U.S. rocket pioneer Robert H. Goddard poses beside his rocket (left) before it achieved the first flight by a liquid-fueled rocket on 16 March 1926


In Germany (above) a rocket demonstration was held in August 1930 at the Chemish-Technishe Reichsansalt (equivalent to the U.S. Bureau of Standards).


U.S. rocket pioneer Robert H. Goddard poses beside his rocket (left) before it achieved the first flight by a liquid-fueled rocket on 16 March 1926. In Germany (above) a rocket demonstration was held in August 1930 at the Chemish-Technishe Reichsansalt (equivalent to the U.S. Bureau of Standards). Standing to the right of the rocket is Hermann Oberth; youthful Wernher von Braun is second from the right [First from right as the person to the far right couldn't be scanned- Chris Gamble, html editor].


[11] ....Wac Corporal. The first-stage booster, adapted from an air-to-ground rocket dubbed the Tiny Tim, developed 222 000 newtons (50 000 pounds) of thrust, and the second stage, filled with nitric acid-aniline liquid propellants, developed 6700 newtons (1500 pounds) of thrust, a combination that fired a payload up to an altitude of 69 kilometers. But the Corporal program did not reach full development until after 1945.6 The most striking military rocket of the wartime era came from Germany.




In the early 1930s, the VfR attracted the attention of the German Army because the Treaty of Versailles, which restricted some types of armaments, left the door open to rocket development, and the military began rocket research as a variation of long-range artillery. Captain Walter Dornberger, an Army artillery officer with advanced degrees in engineering, spearheaded military rocket development. One of his chief assistants was a 20-year-old enthusiast from the VfR, Wernher von Braun, who joined the organization in October 1932. By December 1932, the Army rocket group had static-fired a liquid-propellant rocket engine at the Army's proving ground near Kummersdorf, south of Berlin.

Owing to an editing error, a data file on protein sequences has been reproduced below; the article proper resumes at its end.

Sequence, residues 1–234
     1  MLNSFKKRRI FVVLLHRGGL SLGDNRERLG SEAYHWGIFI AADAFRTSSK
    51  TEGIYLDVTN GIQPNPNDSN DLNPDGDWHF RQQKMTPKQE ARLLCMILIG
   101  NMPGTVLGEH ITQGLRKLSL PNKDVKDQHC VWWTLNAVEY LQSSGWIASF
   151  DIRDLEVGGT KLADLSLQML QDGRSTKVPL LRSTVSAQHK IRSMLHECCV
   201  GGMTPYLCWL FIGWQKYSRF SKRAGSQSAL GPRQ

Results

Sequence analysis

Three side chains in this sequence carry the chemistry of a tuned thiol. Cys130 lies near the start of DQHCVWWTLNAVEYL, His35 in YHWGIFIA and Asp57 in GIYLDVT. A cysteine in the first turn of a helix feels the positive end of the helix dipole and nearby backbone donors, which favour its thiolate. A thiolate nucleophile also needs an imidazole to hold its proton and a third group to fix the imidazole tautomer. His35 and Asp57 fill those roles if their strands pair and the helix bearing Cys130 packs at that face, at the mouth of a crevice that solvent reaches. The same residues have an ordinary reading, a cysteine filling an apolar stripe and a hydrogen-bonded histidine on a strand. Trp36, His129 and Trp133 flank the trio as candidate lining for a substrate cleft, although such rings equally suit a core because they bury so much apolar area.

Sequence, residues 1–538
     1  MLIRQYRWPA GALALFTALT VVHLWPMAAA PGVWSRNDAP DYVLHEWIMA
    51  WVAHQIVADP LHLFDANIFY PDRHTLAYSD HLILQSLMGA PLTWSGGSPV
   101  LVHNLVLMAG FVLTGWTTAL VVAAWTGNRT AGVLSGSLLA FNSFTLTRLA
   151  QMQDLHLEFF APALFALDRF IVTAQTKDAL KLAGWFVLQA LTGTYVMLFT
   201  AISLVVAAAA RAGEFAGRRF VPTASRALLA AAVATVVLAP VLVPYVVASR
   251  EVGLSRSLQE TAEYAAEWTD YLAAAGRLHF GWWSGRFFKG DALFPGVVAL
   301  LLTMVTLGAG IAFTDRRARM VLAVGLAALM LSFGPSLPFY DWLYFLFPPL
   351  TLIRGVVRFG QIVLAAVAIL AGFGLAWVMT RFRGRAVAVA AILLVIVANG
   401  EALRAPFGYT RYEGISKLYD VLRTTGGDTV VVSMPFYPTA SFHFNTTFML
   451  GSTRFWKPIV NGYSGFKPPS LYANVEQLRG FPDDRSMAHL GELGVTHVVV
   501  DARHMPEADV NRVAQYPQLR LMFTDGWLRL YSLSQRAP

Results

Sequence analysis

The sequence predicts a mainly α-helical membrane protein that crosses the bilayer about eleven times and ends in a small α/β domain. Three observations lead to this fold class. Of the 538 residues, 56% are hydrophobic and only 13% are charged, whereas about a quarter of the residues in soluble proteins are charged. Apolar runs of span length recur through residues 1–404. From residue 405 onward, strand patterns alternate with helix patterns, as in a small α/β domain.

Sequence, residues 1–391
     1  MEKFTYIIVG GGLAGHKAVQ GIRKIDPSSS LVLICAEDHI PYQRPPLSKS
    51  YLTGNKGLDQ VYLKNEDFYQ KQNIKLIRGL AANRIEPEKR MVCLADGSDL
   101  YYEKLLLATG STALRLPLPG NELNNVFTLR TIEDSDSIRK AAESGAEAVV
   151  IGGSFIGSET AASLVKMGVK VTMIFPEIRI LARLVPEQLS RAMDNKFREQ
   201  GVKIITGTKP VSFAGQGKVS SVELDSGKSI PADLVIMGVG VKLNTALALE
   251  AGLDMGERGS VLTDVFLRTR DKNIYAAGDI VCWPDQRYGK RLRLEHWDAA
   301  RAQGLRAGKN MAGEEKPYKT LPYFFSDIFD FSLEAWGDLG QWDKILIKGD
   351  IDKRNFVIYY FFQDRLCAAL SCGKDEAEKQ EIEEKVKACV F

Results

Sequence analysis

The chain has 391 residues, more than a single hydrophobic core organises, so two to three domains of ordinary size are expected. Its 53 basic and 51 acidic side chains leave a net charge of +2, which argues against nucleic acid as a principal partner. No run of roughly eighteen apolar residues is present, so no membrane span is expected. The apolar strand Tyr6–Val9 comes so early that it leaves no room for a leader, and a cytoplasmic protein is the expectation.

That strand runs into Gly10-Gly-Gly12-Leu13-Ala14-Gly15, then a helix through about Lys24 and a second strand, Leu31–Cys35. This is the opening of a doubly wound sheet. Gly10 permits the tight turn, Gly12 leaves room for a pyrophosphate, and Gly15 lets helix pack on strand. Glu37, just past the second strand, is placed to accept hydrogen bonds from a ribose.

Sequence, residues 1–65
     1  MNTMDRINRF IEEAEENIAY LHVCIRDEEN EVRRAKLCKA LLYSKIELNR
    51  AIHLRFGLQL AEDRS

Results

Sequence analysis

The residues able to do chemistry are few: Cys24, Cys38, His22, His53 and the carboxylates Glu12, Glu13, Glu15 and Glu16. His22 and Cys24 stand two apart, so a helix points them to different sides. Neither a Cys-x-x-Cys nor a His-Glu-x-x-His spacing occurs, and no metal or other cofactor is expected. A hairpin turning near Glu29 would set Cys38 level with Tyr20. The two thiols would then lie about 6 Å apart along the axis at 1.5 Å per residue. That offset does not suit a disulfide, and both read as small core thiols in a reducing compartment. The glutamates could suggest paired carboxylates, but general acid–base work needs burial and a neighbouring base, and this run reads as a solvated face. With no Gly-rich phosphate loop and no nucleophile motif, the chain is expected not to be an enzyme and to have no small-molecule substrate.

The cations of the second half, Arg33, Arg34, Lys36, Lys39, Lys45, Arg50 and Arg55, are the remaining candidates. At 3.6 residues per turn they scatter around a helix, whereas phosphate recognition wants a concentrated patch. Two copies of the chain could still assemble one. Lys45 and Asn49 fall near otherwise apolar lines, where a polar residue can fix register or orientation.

Wernher von Braun was born in 1912 at Wirsitz, Germany, in Posen Province, the second of three sons of Baron and Baroness Magnus von Braun. A present of a telescope in honor of his church confirmation started the youthful von Braun's interest in space, spurring him to write an article about an imaginary trip to the moon. Fascination with the prospects of space travel never left him, and in 1930 he joined the VfR, where he met Oberth and other rocket enthusiasts. At the same time, he attended the Charlottenburg Institute of Technology and did apprentice work at a machine factory in Berlin. Before completing his bachelor's degree in mechanical engineering in 1932, he had participated in the space-travel film project and had come into contact with German ordnance officers. This contact led to the Army's support of von Braun's doctoral research in rocket combustion, which he completed in a brief period of two years, and he received his degree from Friedrich-Wilhelms Universitat of Berlin in 1934.7